Writing and Rhetoric
Intro by Jeff Cox
- Intro on teaching and research visioning
- Laying out of fall work
- Role of Committee and Report
Intro to A&S Strategic Planning Process by David Brown
- History of A&S process
- Work of committee to date—draft vision statement
- Schedule for committee’s work
Q: What is the plan for analyzing the data collected in the process?
A: Once the data has been input, we will spend the first month or so organizing the data and finding the emerging themes. Then, in the spring, we will provide a preview of the themes to the campus before completing the report next fall.
Q: We have heard talk about a campus-wide core curriculum. Where are we on that?
A: It has come up as a common theme. A&S has established a common core for A&S, and most of the other schools adopt at least a subset of that core. There are many models and ideas about what a common core should look like, but we may actually not be far off from having a common core.
Comment: This process seems similar to RPAC. The RPAC reviews have had a strong response. Data from that process should filter into the A&S and AF processes.
Q: How are the A&S and AF processes feeding each other?
A: Jeff and David are in constant contact, allowing A&S ideas to filter up to the campus level. Both websites are updated regularly, providing additional transparency. And, although the committees have different goals, they will be introduced to each other to share ideas.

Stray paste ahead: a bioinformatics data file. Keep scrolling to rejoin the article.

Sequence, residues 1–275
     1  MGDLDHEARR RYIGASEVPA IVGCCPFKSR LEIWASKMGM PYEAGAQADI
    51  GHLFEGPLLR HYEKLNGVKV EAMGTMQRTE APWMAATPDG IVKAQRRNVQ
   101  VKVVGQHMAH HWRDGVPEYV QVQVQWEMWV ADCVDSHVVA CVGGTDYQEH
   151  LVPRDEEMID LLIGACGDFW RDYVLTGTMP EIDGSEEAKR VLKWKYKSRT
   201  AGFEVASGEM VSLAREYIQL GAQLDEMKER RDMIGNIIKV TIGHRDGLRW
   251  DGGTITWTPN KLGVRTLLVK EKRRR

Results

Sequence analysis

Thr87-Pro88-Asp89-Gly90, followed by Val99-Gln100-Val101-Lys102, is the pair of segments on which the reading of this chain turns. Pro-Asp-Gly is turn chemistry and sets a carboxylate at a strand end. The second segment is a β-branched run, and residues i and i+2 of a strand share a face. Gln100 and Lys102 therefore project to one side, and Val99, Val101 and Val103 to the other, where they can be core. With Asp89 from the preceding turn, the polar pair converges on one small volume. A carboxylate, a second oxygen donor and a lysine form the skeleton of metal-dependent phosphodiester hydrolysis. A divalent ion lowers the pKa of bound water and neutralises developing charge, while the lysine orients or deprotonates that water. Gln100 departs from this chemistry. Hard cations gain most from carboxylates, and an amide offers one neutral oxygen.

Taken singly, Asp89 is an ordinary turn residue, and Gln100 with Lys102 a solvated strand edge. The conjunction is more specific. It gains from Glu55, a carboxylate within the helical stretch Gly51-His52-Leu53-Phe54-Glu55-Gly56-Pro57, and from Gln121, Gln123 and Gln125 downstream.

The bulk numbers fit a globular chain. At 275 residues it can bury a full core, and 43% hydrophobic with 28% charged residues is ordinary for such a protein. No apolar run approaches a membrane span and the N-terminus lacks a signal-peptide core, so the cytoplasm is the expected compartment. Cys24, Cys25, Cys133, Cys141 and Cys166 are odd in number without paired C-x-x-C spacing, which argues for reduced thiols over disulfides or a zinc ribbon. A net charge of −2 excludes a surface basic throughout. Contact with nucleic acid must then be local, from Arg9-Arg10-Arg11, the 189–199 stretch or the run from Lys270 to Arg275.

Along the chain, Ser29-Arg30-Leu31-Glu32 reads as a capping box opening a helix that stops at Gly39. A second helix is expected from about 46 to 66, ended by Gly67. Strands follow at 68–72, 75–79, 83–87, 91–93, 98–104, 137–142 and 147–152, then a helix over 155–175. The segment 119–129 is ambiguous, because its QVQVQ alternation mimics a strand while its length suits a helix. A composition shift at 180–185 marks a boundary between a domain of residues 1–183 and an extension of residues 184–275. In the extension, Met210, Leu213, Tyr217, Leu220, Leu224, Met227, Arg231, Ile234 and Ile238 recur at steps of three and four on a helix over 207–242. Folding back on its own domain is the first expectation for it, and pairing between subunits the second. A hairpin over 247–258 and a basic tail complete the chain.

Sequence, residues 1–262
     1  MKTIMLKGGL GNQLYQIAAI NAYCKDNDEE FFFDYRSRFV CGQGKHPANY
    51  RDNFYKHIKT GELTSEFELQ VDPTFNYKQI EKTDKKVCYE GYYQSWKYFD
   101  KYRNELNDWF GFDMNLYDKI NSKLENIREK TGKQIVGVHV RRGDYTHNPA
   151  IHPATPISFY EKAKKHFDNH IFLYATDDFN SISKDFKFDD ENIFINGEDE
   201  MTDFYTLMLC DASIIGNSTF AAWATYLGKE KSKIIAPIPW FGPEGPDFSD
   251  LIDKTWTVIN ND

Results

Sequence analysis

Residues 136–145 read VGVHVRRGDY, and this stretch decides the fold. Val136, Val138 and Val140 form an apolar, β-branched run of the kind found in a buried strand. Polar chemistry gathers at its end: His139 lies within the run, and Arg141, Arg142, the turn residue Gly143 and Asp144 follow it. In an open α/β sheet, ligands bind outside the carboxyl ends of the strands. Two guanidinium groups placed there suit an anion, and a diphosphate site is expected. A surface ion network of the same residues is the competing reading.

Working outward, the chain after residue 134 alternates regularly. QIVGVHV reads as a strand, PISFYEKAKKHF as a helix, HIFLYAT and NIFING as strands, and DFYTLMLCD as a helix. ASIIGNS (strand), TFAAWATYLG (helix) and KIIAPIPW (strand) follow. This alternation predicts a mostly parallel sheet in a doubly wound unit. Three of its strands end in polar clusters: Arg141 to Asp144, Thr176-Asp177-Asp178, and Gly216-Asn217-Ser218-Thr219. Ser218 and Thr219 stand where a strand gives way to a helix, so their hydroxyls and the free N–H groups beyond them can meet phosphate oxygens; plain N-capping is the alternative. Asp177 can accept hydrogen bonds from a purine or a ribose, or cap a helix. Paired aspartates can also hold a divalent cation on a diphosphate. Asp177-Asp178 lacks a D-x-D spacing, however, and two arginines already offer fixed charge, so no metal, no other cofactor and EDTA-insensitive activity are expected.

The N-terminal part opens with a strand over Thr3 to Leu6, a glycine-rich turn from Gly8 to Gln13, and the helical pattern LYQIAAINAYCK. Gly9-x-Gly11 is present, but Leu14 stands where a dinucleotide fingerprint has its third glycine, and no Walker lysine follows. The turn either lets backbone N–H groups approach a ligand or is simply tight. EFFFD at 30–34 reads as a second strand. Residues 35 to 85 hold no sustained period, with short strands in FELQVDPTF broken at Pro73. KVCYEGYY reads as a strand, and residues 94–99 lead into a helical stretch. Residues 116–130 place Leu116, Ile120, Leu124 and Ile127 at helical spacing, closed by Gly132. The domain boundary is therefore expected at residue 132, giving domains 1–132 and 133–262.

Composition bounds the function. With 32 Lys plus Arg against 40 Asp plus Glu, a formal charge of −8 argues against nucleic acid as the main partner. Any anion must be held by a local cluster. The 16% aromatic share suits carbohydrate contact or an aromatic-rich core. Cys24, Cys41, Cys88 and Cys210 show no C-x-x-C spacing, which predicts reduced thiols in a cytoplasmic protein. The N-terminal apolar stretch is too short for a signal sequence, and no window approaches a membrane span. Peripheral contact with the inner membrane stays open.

From the A&S perspective, having both processes going at the same time has lifted constraints from A&S as ideas can be lifted to the campus level.
Q: What are the biggest challenges moving forward?
A: For A&S, it will be the implementation phase – making sure the strategic plan can filter down to the levels where changes can occur. We will be focusing on defining the plan, creating metrics, and tracking progress in creating the changes outlined by the strategic plan.
For AF, this is a 3-yr project. The biggest challenge will be getting people engaged and moving past the cultural cynicism shaped by past initiatives that never came to fruition. We truly believe this process will have an impact on the campus.
Q: How are you getting student input?
A: We have student representatives on the committee, but it’s clearly not enough. We have attended some leadership classes, and we will be having conversations with student government on how to engage students. We are also looking at using social media.
Comment: We should engage with recent alumni and students who are about to graduate to get student input.
Comment: We have a technical common design course where a consulting design/report is part of the course. Resources in that program can help facilitate the process of getting data from students.
Comment: We should tap into the RA population on campus to get student input – they are close to what is going on with the students and can do training.
Q: Have there been conversations around differential tuition and the challenges with interdisciplinary initiatives? Those two things seem to be at odds with each other.
A: There have been discussions, as interdisciplinary work has been a themed topic. First, we need to figure out what we want to do, then work on the “how to pay for it” during the next phase.
Comment: We need to come up with a plan for the consequences for students that may occur because of the GOP tax plan – if / when it becomes effective.